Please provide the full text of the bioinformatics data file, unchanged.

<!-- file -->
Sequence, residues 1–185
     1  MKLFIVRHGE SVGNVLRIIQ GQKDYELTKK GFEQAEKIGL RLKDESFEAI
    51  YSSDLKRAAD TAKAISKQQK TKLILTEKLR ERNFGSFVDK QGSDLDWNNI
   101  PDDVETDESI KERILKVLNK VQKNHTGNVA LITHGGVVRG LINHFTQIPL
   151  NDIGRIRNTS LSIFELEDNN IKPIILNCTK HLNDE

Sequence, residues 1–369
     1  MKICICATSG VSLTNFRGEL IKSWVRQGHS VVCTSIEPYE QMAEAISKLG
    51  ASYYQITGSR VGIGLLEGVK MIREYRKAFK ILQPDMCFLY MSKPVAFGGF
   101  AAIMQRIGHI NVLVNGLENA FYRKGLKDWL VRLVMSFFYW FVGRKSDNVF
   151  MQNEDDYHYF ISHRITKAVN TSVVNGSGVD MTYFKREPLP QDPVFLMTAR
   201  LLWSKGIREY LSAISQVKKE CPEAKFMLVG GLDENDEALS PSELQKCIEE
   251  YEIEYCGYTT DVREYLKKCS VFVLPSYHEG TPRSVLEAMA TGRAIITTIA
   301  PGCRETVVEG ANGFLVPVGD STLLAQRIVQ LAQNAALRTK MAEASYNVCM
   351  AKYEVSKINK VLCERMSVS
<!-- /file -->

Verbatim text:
Sequence, residues 1–185
     1  MKLFIVRHGE SVGNVLRIIQ GQKDYELTKK GFEQAEKIGL RLKDESFEAI
    51  YSSDLKRAAD TAKAISKQQK TKLILTEKLR ERNFGSFVDK QGSDLDWNNI
   101  PDDVETDESI KERILKVLNK VQKNHTGNVA LITHGGVVRG LINHFTQIPL
   151  NDIGRIRNTS LSIFELEDNN IKPIILNCTK HLNDE

Sequence, residues 1–369
     1  MKICICATSG VSLTNFRGEL IKSWVRQGHS VVCTSIEPYE QMAEAISKLG
    51  ASYYQITGSR VGIGLLEGVK MIREYRKAFK ILQPDMCFLY MSKPVAFGGF
   101  AAIMQRIGHI NVLVNGLENA FYRKGLKDWL VRLVMSFFYW FVGRKSDNVF
   151  MQNEDDYHYF ISHRITKAVN TSVVNGSGVD MTYFKREPLP QDPVFLMTAR
   201  LLWSKGIREY LSAISQVKKE CPEAKFMLVG GLDENDEALS PSELQKCIEE
   251  YEIEYCGYTT DVREYLKKCS VFVLPSYHEG TPRSVLEAMA TGRAIITTIA
   301  PGCRETVVEG ANGFLVPVGD STLLAQRIVQ LAQNAALRTK MAEASYNVCM
   351  AKYEVSKINK VLCERMSVS